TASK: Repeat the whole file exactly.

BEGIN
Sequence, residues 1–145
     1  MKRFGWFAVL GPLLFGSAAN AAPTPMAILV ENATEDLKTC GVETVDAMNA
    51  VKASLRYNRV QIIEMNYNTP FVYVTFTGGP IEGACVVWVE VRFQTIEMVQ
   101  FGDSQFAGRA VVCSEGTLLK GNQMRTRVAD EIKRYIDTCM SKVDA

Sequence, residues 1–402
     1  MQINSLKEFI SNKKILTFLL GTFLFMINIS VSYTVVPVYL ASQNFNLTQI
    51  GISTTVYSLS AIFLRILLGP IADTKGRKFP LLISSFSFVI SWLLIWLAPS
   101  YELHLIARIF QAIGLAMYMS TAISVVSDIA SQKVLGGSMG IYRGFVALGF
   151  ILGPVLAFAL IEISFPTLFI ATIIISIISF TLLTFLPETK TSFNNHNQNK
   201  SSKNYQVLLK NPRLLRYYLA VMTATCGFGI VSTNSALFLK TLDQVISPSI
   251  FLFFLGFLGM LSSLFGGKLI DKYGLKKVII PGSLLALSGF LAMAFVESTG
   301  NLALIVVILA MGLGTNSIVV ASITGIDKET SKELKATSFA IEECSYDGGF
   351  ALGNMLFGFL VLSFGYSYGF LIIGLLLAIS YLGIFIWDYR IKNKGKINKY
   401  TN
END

Sequence, residues 1–145
     1  MKRFGWFAVL GPLLFGSAAN AAPTPMAILV ENATEDLKTC GVETVDAMNA
    51  VKASLRYNRV QIIEMNYNTP FVYVTFTGGP IEGACVVWVE VRFQTIEMVQ
   101  FGDSQFAGRA VVCSEGTLLK GNQMRTRVAD EIKRYIDTCM SKVDA

Sequence, residues 1–402
     1  MQINSLKEFI SNKKILTFLL GTFLFMINIS VSYTVVPVYL ASQNFNLTQI
    51  GISTTVYSLS AIFLRILLGP IADTKGRKFP LLISSFSFVI SWLLIWLAPS
   101  YELHLIARIF QAIGLAMYMS TAISVVSDIA SQKVLGGSMG IYRGFVALGF
   151  ILGPVLAFAL IEISFPTLFI ATIIISIISF TLLTFLPETK TSFNNHNQNK
   201  SSKNYQVLLK NPRLLRYYLA VMTATCGFGI VSTNSALFLK TLDQVISPSI
   251  FLFFLGFLGM LSSLFGGKLI DKYGLKKVII PGSLLALSGF LAMAFVESTG
   301  NLALIVVILA MGLGTNSIVV ASITGIDKET SKELKATSFA IEECSYDGGF
   351  ALGNMLFGFL VLSFGYSYGF LIIGLLLAIS YLGIFIWDYR IKNKGKINKY
   401  TN